When did you stop caring about gear, was there a specific moment or was it over time? 

It happens over time. I started to care less and less. However, if I put a vocalist in front of a microphone and I can’t get the sound I want, I care. That’s a pain in the butt. But you build solutions for that problem. For example, the vocalist wants a U47, because it’s big, it’s grey and it says Neumann on it. Sometimes they asked for the Newmann, which I love, “I want the Newmann”, to which I say, “We have that.” But it’s too bright because it’s voiced to go through a console, a tape machine and back through a console. It’s not voiced to go through an HD i/o or an Apollo. 

So, we listen to it and 99% of the time I ask if we can try another mic, so we will try an Eden or an Atlantis (both made by Lauten Audio) and after I have played them back one of them, that’s what we usually go for.

With the David Crosby record, I decided to use all ribbons except on the vocals, which are all Eden. The reason for this was that I wanted to create a contrast between the vocals and the instrument and to have the vocals float on top of the instrument by default.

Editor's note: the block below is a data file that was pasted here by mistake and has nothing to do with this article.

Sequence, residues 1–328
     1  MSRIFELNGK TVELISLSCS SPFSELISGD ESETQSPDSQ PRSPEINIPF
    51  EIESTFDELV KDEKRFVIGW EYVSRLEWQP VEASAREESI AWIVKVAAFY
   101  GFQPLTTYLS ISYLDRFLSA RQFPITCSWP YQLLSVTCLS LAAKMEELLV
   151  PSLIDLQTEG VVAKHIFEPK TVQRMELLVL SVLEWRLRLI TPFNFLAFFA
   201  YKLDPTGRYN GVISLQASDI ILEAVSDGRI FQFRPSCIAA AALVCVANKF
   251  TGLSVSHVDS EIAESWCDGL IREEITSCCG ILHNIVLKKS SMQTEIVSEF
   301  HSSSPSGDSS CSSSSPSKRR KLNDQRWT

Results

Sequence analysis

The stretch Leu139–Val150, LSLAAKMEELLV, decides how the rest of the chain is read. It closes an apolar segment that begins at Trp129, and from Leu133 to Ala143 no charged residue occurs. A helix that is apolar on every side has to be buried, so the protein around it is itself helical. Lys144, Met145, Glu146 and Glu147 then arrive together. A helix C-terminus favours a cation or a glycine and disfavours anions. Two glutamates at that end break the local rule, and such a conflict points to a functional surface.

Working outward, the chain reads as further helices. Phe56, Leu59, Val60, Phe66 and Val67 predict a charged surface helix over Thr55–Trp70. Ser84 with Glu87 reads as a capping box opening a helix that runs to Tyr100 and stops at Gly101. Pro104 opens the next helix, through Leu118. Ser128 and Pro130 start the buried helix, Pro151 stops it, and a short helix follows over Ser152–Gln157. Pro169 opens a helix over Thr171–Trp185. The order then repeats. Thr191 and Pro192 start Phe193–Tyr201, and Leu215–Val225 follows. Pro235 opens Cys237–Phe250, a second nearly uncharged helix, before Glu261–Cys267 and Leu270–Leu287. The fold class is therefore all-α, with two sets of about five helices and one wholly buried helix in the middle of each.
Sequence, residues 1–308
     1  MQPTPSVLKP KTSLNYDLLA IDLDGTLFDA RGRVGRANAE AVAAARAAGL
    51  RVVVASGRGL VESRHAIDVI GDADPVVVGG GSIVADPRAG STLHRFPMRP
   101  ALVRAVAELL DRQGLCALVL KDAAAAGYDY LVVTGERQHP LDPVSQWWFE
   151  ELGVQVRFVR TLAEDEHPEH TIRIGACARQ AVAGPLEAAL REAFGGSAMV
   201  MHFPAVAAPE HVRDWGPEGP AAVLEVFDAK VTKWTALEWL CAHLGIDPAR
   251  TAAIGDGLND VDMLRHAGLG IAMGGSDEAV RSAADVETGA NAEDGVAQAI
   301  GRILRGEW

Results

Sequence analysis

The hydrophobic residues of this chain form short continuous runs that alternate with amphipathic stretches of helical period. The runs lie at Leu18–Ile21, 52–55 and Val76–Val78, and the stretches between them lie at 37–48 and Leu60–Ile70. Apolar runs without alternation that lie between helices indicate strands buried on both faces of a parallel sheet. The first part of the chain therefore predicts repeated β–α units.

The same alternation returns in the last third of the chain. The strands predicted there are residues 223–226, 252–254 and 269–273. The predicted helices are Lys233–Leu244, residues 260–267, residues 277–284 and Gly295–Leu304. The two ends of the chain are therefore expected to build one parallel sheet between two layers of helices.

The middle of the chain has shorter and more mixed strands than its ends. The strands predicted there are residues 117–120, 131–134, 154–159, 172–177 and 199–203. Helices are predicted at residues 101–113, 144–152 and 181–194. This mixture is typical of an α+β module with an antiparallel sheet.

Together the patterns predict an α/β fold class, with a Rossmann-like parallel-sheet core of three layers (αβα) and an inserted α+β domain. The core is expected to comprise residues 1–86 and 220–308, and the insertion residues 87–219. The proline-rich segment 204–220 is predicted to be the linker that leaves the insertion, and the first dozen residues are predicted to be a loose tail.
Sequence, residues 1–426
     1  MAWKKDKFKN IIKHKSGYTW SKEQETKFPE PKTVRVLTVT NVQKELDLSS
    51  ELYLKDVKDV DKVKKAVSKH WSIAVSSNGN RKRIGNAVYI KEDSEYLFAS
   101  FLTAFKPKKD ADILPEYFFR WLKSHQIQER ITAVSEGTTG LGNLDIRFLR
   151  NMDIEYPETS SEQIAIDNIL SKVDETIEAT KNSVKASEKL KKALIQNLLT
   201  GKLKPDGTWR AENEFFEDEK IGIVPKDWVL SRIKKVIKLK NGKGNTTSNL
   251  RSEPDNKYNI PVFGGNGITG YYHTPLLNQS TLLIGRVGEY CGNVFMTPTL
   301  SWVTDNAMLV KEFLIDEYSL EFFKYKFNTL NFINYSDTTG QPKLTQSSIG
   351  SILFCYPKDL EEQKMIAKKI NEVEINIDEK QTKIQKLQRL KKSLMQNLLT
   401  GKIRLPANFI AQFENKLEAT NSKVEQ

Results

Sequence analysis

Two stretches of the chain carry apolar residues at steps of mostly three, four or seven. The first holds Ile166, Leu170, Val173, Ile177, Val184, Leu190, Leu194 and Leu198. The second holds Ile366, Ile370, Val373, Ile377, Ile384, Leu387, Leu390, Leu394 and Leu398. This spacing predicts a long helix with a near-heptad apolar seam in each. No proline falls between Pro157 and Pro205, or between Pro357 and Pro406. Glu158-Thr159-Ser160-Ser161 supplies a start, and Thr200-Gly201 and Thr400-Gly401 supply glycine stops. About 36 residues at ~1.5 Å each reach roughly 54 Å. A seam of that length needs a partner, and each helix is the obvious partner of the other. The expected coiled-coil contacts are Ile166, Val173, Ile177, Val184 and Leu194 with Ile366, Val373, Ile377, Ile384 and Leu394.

It’s in these situations I care about gear, but I like a precise, fast setup and then all music. Which is what we did with Crosby and it took us 6 hours to set up then we recorded for 17 days after that.

 The team behind David Crosby's record. From left to right, Michael League, David Crosby and Fab Dupont

The team behind David Crosby's record. From left to right, Michael League, David Crosby and Fab Dupont